#15: Secure window glass

To help reduce the risk of injury from shards of glass, you can place duct tape in a criss-cross star pattern over a pane of glass. If the window breaks, the duct tape will help hold the pieces of glass together. Alternatively, duct tape can also reinforce and hold pieces of glass that are already broken.

#16: Firestarter

Duct tape burns very well and serves as a nice substitute for char cloth. Just strip a piece of duct tape into as many thin strips as possible and ball it together to create the classic “bird’s nest ball” of tinder which can burn for a few minutes.
Related: How to Make Firebricks (fire logs) and Wood Stove Logs for Free!


#17: Lashing

When rope is unavailable, duct tape can usually be used for lashing objects securely together.


#18: Help avoid blisters

For areas of skin that are prone to getting blisters, such as the bottom of your foot or heel, proactively place a piece of duct tape over the affected area to provide an extra layer of protection from blister-causing fiction.

#19: Ankle or wrist brace

If no ACE or similar medical bandage is available, you can use duct tape placed over a layer of cloth to create an ankle or wrist brace. Avoid wrapping the tape too tightly and use enough to provide some moderate resistance to reduce the movement in the joint.


#20: Seal ammo boxes

One of duct tape’s original uses was to waterproof ammo boxes during World War II.
That’s how the Greatest Generation did it and it worked out pretty well.

#21: Repair glasses

Remember those dorky characters from TV or the movies who wore glasses held together with duct tape? You can do that too if you have to hold broken glasses together. It won’t look good, but it’ll work.

#22: Fly tape

Take a two foot strip of duct tape and cut it lengthwise so it’s about 1 inch in width. Stick one end in at an elevated point, like a door jamb or overhead branch and the bottom end to a weight, like a small rock. It won’t work as well as real fly tape, but it is chemical and odor free and won’t attract unwanted attention.


#23: Make a spear

If you attach your survival knife to the end of a pole or stick with liberal use of duct tape to keep it from shifting, you have yourself a spear.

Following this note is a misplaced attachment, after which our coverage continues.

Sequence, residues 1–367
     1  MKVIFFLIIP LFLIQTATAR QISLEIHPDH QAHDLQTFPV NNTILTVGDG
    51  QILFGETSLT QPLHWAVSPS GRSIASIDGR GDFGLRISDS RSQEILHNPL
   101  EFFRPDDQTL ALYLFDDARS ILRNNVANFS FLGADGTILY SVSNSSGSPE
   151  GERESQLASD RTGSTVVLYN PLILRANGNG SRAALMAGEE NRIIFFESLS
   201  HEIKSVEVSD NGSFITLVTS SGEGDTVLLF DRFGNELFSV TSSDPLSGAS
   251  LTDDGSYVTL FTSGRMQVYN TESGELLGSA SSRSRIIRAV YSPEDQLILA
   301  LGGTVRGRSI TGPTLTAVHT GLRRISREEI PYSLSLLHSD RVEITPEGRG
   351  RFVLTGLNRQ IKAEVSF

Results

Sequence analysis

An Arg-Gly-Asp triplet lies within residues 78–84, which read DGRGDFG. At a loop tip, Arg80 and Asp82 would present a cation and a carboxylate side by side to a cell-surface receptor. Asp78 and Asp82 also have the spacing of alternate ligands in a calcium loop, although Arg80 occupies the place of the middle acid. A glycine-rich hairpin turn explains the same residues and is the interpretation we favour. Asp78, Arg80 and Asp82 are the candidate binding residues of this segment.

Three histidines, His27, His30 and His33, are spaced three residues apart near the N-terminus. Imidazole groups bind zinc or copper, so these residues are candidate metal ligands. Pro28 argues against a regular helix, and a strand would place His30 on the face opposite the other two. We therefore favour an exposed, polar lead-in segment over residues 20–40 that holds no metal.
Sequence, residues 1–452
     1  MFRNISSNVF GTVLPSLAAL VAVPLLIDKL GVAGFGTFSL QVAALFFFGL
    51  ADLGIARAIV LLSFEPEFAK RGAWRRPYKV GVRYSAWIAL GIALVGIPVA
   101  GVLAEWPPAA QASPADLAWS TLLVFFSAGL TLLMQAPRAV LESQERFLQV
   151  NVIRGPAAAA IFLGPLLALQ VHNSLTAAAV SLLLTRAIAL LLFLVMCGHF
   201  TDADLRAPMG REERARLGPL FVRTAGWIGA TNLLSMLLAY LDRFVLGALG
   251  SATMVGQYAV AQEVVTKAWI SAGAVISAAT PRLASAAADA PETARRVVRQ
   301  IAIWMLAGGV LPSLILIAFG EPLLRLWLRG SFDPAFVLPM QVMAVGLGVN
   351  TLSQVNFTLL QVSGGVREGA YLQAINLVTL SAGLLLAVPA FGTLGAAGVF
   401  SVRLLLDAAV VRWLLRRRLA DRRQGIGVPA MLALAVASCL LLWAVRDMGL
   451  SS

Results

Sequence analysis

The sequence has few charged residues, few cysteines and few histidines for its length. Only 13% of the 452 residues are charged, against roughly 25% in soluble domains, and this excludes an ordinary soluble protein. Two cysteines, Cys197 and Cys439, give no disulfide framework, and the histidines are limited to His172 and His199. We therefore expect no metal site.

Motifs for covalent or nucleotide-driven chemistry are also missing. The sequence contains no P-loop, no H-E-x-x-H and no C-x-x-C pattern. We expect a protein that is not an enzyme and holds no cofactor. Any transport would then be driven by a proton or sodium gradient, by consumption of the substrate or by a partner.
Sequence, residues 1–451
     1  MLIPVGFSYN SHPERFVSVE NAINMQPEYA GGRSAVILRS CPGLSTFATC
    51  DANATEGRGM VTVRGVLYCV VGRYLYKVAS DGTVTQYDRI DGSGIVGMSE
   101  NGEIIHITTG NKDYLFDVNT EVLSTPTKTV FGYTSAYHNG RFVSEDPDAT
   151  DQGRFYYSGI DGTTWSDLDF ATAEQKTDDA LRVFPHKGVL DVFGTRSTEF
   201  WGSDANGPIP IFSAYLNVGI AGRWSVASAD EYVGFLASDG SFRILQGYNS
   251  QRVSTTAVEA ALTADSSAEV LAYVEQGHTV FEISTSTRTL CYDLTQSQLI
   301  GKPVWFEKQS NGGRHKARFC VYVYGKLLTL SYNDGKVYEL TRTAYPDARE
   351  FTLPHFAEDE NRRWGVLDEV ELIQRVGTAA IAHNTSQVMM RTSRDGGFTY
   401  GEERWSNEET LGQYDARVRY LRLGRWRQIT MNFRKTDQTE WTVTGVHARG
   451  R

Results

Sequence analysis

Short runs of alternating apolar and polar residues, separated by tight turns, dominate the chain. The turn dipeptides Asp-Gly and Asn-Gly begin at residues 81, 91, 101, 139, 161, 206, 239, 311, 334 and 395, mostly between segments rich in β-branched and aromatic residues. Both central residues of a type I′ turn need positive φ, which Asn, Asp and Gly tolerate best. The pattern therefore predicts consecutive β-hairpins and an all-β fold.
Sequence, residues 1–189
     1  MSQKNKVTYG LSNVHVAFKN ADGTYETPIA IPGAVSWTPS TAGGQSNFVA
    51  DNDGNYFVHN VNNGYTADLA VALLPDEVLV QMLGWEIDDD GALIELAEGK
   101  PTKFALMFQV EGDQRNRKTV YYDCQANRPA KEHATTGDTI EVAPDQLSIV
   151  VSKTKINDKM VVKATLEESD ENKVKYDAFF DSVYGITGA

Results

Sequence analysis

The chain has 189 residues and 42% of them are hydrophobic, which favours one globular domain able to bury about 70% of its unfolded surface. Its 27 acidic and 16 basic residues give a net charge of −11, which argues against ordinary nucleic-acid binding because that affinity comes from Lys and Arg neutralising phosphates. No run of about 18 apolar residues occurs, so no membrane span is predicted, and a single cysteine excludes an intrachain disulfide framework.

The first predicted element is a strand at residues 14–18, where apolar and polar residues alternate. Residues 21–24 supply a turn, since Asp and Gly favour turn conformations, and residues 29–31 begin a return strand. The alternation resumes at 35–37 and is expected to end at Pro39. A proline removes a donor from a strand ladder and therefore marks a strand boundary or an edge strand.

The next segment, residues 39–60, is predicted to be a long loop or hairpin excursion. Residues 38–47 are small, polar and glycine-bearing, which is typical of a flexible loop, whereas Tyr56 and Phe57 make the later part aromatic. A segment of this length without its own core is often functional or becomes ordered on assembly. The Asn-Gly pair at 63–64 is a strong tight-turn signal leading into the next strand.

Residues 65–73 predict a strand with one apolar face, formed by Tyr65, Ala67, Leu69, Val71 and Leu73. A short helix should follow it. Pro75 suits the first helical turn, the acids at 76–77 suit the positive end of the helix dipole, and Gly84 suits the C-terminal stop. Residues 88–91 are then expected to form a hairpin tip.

This can provide a great standoff weapon when things get tough.
Related: Would You be Able to Leave Someone Behind?

#24: Restraints

Duct tape can be placed around an individual’s ankles and/or wrists to keep them restrained. The need to restrain another person is probably not likely in a survival situation, but it’s a possibility. After all, it’s unlikely that the average survival kit will have handcuffs.

#25: Vehicle repairs

Duct tape is ideal for makeshift repairs on your vehicle. From holding parts together to covering up holes or cracks, duct tape is perfectly capable. This should come as no surprise since the crew of Apollo 17 used duct tape to repair their moon rover.
Related: Top 10 Vehicles for Your EMP Survival


#26 Make a Wallet

Everybody needs a wallet, right? If you have a taste for the unconventional, or you’re simply a stubborn do-it-yourselfer, then whip out that roll of duct tape and make your own wallet!

Skills Needed in a Survival Group

Do you know what skill sets you have accumulated within your survival family? Think about it for a minute. What does each person bring to the survival group that is beneficial and needed in some way or another?
These are thoughts that have been in my mind for a few weeks now. So I sat down and did some research and put together a list of skill sets that are almost a must have for any group. One of the great things about this list is you can mark off what you have mastered and pick something else to work on. In doing this you become multi-beneficial to the group which is fantastic. Not only would you have the skill sets but you can teach the children.
Below are a few things to consider adding to your group or personal skills:
  1. Perimeter Security
  2. Plant Identification
  3. Gardening Skills (includes winter gardening, herbs)
  4. Butchering Skills (includes salting, smoking and curing meat)
  5. Food Preservation (canning, drying, dehydrating, smoking, grains)
  6. Raising Livestock (Chickens, ducks, rabbits, goats, pigs)
  7. Hunting/Fishing
  8. Medical Skills/Dental Skills
  9. Electrical Knowledge
  10. Carpentry
  11. Plumbing
  12. Welding
  13. Sign Language
  14. Mechanical Skills (cars, appliances, lawn equipment etc.)
  15. HAM Radio Skills
  16. Bee Keeping
  17. Candle Making
  18. Sewing Skills (Clothes & Blankets)
  19. Soap Making
  20. Shoe Making
  21. Baking Bread
  22. Churning Butter
  23. Charcoal Making
  24. Martial Arts
  25. Marksmanship/Weapons
  26. Brick Making
  27. Tool Making